The HSS School Visiting Programme

religious approval teachers

By Ian Rodger

When I joined Humanist Society Scotland, I had no idea we had a school visiting programme, let alone that it was something I could get involved in!

Thankfully my journey through the various experiences and activities available to me as a member of HSS led me to try out this work about five years ago. Since then I have been on a range of school visits, talking to students aged between 4 and 18. I have presented five minute assembly talks on a given moral issue, been grilled by groups of 7 to 18 year olds on what it is to be a Humanist, and answered student questions as part of a panel of various belief groups including Church of Scotland, Spiritualists, Buddhists, Church of Latter-day Saints, and the Free Presbyterians.

This may seem a daunting variation of both audience age range and presentational skills, but once you recognise the basic ethos of Humanism and the acceptance of the right of the individual to choose, most of the hard questions are easily answered.

What do I get from this activity? A constant buzz from each new opportunity to talk to and listen to the students who bring refreshing open-mindedness with their honest questions for clarification. I have been asked if “What I would do if I found a sick animal?” by one P4 student and “do I think that the abortion limit should be 22 instead of 24 weeks?” by a S6 pupil.

The younger pupils are happy to listen to moral stories and a very brief introduction to Humanism. If there is more time, like a class meeting of 30 minutes, the questions can be quite deep and the philosophy of Humanism quizzed: How were we created? What happens when you die? Do you believe in protecting the planet?

In secondary schools the exam students have specific paths to follow. They need to get different belief views on the big questions so the format is similar in most of the visits: “Do you believe in abortion?” “Do you believe in sex before marriage?” “Do you believe in euthanasia?” “What do you think about alcohol?” Students are enthusiastic in their research and keen to form a range of view points which will in turn help them to arrive at their own views.

The questions may be fairly standard however the students are interested in how the views have been arrived at. It is here that the wider discussions stray from answers that can be found in our material and the school visitor must ensure that the wider discussions acknowledge what is HSS policy and what is their own view as a Humanist.

The current Curriculum for Excellence (C for E) provides a fairly wide remit to teach students to research and question all sorts of beliefs, unlike my memory of the Church of Scotland dominance of my Religious/moral path at my “non denominational school”. Because of this freedom to discuss and challenge different beliefs the RME/RMPS (religious moral and philosophical studies) exams have seen a significant increase in interest from students.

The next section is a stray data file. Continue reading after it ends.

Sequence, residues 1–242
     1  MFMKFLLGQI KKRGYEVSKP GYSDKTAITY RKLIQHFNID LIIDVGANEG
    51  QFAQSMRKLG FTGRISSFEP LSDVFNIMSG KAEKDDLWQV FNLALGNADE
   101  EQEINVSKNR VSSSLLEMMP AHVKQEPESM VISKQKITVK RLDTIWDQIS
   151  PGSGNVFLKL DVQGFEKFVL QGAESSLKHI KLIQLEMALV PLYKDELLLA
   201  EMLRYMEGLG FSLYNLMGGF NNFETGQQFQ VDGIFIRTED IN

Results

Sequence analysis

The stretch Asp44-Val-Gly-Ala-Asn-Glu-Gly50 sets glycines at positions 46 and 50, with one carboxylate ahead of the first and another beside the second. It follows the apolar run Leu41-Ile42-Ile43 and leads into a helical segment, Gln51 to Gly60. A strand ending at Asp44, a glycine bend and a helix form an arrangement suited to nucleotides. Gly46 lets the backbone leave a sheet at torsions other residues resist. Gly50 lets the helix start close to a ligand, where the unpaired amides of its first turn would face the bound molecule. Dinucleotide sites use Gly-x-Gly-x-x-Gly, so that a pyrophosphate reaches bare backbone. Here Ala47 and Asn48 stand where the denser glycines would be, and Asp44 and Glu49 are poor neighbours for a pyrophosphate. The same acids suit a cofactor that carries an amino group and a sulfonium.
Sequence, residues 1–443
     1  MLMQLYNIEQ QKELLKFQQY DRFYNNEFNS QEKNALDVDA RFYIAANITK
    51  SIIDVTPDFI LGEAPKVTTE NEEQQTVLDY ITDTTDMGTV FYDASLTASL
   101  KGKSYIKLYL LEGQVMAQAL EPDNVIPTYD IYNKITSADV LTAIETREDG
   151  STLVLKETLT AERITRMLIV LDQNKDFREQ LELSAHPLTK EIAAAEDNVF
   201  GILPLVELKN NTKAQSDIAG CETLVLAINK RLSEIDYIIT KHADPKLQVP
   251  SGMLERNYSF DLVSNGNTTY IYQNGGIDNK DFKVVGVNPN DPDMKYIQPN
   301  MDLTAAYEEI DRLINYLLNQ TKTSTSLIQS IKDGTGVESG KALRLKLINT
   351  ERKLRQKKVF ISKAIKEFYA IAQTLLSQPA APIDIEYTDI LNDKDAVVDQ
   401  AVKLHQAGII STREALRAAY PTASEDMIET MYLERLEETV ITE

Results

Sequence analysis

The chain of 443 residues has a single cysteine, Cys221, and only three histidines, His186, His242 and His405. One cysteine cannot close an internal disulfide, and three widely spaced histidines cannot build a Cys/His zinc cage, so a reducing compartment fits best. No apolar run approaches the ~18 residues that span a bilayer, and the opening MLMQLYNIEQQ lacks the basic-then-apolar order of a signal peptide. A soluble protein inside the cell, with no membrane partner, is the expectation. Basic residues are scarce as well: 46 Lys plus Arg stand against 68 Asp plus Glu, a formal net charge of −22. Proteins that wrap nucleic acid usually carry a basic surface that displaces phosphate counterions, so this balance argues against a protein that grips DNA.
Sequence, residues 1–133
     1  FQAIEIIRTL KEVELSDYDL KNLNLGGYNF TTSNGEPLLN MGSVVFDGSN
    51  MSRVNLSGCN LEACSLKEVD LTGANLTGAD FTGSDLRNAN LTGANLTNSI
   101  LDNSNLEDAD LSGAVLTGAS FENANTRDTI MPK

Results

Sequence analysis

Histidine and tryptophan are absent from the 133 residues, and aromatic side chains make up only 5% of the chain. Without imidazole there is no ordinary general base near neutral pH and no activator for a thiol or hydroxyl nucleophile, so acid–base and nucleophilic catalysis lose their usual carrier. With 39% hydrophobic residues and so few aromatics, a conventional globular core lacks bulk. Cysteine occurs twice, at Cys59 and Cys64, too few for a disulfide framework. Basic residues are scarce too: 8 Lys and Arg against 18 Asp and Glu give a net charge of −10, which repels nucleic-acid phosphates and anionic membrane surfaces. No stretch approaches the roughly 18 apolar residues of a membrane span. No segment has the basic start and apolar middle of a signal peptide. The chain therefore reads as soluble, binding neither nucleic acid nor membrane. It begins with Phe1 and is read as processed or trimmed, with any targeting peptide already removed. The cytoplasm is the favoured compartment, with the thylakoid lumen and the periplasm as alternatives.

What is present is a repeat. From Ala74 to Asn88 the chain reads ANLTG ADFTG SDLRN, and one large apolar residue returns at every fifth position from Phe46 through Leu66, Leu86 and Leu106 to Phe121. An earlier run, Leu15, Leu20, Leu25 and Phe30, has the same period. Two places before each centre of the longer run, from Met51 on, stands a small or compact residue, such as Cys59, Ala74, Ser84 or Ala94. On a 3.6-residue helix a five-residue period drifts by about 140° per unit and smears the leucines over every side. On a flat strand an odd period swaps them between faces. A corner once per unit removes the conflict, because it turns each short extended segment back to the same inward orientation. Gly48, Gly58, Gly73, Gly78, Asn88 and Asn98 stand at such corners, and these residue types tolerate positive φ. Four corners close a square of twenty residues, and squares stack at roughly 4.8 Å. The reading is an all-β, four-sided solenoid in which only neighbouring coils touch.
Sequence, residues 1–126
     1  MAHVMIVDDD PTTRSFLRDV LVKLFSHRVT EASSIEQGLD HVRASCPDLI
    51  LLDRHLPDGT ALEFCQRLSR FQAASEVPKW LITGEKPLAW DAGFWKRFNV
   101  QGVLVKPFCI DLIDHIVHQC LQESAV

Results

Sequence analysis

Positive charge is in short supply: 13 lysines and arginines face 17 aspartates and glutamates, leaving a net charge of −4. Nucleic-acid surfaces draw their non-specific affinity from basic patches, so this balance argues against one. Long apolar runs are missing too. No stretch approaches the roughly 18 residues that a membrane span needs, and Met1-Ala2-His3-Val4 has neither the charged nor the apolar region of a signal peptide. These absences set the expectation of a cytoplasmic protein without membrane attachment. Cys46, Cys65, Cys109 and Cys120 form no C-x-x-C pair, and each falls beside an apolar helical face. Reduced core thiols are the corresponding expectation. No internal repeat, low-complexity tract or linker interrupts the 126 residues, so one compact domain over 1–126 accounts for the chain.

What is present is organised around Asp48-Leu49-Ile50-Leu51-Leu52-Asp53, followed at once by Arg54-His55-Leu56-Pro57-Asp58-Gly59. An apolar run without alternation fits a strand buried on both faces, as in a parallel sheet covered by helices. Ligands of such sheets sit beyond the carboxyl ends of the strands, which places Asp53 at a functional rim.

RME (religious and moral education) teaching staff have to weave their way through the C for E remit and often access descriptors from web pages (including our own documents and website), which they pass on to the students. Less than 10% of these teachers have used the services of the HSS visitors. The struggle to find the best form of contact with schools has been our major challenge for many years.

Thanks to our recent training programme we have over 40 trained visiting staff. We now need to make as many contacts with schools as possible and we are looking at new methods of contacting RME teachers directly.

We have introduced a manual for our school visitors and re-launched joint evaluation forms for both the visitors and the schools. Our school visitors provide a network of support, passing on information, and sharing ideas and concerns. We hope to continue a series of networking meetings to keep this collective support fresh.

The good news is that the majority of the school contacts we have made have been very positively received, and return visits have been booked.

Can you help us increase our school visits?
If you have school-age children, grandchildren, nephews, or nieces you can ask their school if they are aware of the HSS service for assemblies, class/exam talks and discussions.
If they show interest please send their name and email contact to


Suggest an Article

Writers / Publishers: Submitting your own work is encouraged.

Know an article we should include on Humanitie? Make a suggestion.

The opinions expressed on the Humanitie platform do not necessarily reflect the policies of Humanist Society Scotland.

Take action now

Sign our petition

Sign our petition to end unelected religious representatives on education committees.

Sign today.

Learn more

Join us today

Why become a member of Scotland's Humanist charity?

We are a democratic membership charity. Join us today to get involved in our campaigns to make Scotland a more secular, rational and socially just country.

Learn more

New Pod- cast

Available now!

Have you heard we’ve started podcasting?!

You can listen to the first episode, plus two special editions now.

Learn more